A coalition of activist groups has declared Feb. 11 as The Day We Fight Black, combining activism against NSA data collection and celebrating the anniversary of the Stop Online Piracy Act (SOPA) blackout.
The protest was announced on the eve of the anniversary of the death of Aaron Swartz.
"Today the greatest threat to a free Internet, and broader free society, is the National Security Agency's mass spying regime," said David Segal, executive director and cofounder of Demand Progress. "If Aaron were alive he'd be on the front lines, fighting back against these practices that undermine our ability to engage with each other as genuinely free human beings."
Swartz was the Internet activist who died of an apparent suicide Jan. 11 while awaiting trial on multiple felony charges for allegedly using MIT computers to illegally download scientific journals.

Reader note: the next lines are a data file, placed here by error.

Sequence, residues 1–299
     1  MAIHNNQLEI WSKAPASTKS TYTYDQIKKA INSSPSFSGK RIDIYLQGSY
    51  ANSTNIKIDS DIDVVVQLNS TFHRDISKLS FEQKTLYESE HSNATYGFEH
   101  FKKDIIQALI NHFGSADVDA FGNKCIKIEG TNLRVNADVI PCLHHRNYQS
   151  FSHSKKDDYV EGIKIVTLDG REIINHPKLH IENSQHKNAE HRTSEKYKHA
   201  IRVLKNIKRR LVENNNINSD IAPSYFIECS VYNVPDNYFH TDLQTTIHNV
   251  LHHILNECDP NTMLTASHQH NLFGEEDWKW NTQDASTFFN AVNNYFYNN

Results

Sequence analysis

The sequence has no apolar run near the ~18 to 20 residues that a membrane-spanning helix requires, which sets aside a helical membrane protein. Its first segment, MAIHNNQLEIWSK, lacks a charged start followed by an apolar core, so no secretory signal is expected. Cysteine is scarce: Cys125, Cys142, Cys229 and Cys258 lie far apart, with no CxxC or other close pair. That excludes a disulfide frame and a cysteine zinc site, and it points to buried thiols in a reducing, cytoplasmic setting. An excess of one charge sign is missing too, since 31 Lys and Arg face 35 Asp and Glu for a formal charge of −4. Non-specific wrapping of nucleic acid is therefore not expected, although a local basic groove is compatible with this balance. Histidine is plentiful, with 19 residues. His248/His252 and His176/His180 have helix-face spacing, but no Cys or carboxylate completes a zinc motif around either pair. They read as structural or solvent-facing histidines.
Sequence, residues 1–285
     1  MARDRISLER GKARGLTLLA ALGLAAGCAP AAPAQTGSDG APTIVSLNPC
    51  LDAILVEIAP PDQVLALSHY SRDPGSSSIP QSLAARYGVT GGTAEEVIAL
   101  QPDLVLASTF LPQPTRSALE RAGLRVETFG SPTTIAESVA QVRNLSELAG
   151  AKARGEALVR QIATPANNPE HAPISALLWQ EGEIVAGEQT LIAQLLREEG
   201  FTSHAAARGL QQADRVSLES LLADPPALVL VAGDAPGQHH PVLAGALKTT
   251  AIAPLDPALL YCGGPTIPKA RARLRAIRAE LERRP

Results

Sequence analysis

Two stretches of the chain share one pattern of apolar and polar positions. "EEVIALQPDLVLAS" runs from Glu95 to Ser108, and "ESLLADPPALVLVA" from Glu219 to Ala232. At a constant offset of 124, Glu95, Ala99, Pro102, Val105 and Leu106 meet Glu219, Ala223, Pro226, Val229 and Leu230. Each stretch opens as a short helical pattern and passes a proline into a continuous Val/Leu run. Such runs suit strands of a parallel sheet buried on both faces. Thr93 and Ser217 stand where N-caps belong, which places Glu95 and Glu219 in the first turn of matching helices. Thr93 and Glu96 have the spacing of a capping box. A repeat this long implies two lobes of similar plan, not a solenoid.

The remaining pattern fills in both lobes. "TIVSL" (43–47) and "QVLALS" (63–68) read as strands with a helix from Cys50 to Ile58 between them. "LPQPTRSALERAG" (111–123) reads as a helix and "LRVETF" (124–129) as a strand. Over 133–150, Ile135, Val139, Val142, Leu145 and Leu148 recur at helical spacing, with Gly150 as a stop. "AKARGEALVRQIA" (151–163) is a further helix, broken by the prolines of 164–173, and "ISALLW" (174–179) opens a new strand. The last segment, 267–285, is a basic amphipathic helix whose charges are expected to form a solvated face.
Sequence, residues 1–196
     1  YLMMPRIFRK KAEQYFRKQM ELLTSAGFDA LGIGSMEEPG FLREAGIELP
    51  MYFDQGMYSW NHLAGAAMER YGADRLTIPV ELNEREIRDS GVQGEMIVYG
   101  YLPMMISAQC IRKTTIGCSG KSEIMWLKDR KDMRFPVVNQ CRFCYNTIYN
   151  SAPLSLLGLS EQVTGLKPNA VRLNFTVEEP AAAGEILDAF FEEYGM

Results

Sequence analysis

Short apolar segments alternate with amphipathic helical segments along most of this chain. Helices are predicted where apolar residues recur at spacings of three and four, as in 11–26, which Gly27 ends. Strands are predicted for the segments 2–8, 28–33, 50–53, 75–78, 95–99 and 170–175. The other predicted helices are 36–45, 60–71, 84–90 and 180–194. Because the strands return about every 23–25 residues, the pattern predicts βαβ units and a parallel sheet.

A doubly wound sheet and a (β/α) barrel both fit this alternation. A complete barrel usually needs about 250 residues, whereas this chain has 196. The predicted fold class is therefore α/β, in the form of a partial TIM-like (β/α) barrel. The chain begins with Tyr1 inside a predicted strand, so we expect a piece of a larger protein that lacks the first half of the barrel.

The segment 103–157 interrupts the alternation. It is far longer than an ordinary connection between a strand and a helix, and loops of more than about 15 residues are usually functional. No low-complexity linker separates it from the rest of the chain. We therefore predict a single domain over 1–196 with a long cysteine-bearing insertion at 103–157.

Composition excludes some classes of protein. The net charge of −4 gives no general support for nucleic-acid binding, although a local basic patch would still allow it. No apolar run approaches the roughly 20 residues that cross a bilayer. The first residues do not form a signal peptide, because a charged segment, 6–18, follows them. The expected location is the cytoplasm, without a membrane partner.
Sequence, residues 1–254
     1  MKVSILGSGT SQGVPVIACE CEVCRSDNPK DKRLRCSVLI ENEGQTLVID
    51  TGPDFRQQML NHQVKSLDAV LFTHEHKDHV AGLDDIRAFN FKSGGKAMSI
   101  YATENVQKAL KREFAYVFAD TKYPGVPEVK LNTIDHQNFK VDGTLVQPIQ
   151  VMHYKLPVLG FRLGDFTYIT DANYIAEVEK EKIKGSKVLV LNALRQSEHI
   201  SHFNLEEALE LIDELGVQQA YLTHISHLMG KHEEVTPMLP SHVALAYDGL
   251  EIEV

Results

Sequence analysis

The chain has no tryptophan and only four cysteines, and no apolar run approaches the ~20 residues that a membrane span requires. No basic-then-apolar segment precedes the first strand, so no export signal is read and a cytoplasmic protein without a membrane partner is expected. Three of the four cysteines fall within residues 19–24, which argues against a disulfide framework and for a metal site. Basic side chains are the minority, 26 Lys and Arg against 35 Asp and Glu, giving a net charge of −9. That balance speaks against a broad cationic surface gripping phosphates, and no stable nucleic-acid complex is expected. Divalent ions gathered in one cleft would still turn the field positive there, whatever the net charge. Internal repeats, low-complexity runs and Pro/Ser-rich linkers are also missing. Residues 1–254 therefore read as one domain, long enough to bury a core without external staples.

Swartz was among those who helped defeat SOPA by marshalling opposition to the bill and was instrumental in the blackout, in which dozens of Web sites went dark to demonstrate against it, including Google, Mozilla, Wikipedia and Craigslist.
Demand Progress, the Electronic Frontier Foundation, Fight for the Future, Free Press, Boing Boing, Reddit and Mozilla are joining in the day of activism, on which they say they will "make calls and drive emails to lawmakers." In addition, the Web sites will display "banners" encouraging Web surfers to "fight back against surveillance," and "employees of technology companies will demand that their organizations do the same."
A spokesperson for the effort said they were not advocating for hacking or altering sites.
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